Varices on computed tomography are surrogate of clinically significant portal hypertension and can predict survival in compensated cirrhosis patients

Dong Ho Lee, Jhii Hyun Ahn, Jin Wook Chung, Young Ju Kim, Seung Whan Cha, Moon Young Kim, Soon Koo Baik

Research output: Contribution to journalArticle

3 Citations (Scopus)

Abstract

Background and Aim: To investigate prognostic value of varices on computed tomography (CT) and redefine surrogate criteria for clinically significant portal hypertension (CSPH). Methods: We retrospectively enrolled 241 patients with compensated cirrhosis who underwent hepatic venous pressure gradient (HVPG) measurement from 2008 to 2013. Using CT and upper endoscopy findings obtained within 3 months from HVPG measurement, patients were classified into three groups: presence of standard surrogate for CSPH, defined as presence of varices on upper endoscopy and/or splenomegaly associated with thrombocytopenia (Group 1, n = 139); varices on CT without standard surrogate for CSPH (Group 2, n = 41); and free from both (Group 3, n = 61). HVPG value and overall survival (OS) rates were compared among three patient groups. Revised surrogate for CSPH was defined as presence of standard surrogate and/or presence of varices on CT (i.e. both Group 1 and Group 2). Results: Mean HVPG value in Group 2 was significantly higher than that in Group 3 (10.3 mmHg vs 6.5 mmHg, P < 0.001), but significantly lower than that in Group 1 (10.3 mmHg vs 13.1 mmHg, P < 0.001). Seven-year OS rates in Group 2 was similar to those in Group 1 (57.0% vs 62.7%, P = 0.591), but significantly poorer than those in Group 3 (57.0% vs 84.0%, P = 0.015). The presence of revised surrogate for CSPH was a significant predictive factor for OS (P = 0.025, Hazard ratio = 2.71 [1.14–6.45]) on multivariate analysis whereas standard surrogate for CSPH was not (P = 0.849). Conclusion: The presence of varices on CT was a significant sign for CSPH, predicting poor OS outcome in patients with compensated cirrhosis.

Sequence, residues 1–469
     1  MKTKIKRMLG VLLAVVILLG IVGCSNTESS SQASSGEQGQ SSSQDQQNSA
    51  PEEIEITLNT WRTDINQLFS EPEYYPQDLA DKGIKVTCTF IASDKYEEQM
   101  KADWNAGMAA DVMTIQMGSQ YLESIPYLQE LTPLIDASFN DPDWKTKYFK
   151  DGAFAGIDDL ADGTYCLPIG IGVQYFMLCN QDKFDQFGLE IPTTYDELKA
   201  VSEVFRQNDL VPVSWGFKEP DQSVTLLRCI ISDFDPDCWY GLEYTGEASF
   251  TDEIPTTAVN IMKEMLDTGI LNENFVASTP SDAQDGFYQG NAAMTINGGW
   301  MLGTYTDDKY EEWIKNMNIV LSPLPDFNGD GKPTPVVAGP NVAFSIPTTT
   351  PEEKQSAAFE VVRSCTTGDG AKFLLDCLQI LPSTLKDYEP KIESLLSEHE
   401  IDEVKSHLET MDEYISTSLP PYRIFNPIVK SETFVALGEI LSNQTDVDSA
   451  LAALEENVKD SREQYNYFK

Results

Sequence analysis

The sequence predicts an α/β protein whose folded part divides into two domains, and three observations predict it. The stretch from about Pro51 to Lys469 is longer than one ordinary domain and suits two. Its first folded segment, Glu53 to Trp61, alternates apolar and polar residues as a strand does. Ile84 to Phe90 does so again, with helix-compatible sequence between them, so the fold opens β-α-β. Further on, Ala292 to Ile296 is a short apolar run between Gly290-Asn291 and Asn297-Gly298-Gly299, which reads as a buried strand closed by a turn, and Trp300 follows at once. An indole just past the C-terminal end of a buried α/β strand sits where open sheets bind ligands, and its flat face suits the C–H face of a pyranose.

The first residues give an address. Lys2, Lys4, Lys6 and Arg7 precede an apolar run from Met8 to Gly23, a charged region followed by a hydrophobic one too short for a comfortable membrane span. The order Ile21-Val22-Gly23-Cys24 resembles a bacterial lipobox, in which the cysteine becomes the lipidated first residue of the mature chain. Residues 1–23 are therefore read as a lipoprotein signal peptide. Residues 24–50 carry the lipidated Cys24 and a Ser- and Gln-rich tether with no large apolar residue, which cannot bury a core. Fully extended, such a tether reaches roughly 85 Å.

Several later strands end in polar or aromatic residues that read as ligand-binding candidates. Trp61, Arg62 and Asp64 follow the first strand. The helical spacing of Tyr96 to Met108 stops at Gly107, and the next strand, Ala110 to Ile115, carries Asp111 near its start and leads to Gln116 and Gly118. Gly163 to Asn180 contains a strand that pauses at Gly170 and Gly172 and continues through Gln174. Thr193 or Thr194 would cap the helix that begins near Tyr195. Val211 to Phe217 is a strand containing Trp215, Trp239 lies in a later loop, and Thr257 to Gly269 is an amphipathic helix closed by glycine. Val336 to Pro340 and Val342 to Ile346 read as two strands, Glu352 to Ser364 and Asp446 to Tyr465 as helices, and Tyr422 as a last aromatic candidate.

Original languageEnglish
Pages (from-to)450-457
Number of pages8
JournalJournal of Gastroenterology and Hepatology (Australia)
Volume34
Issue number2
DOIs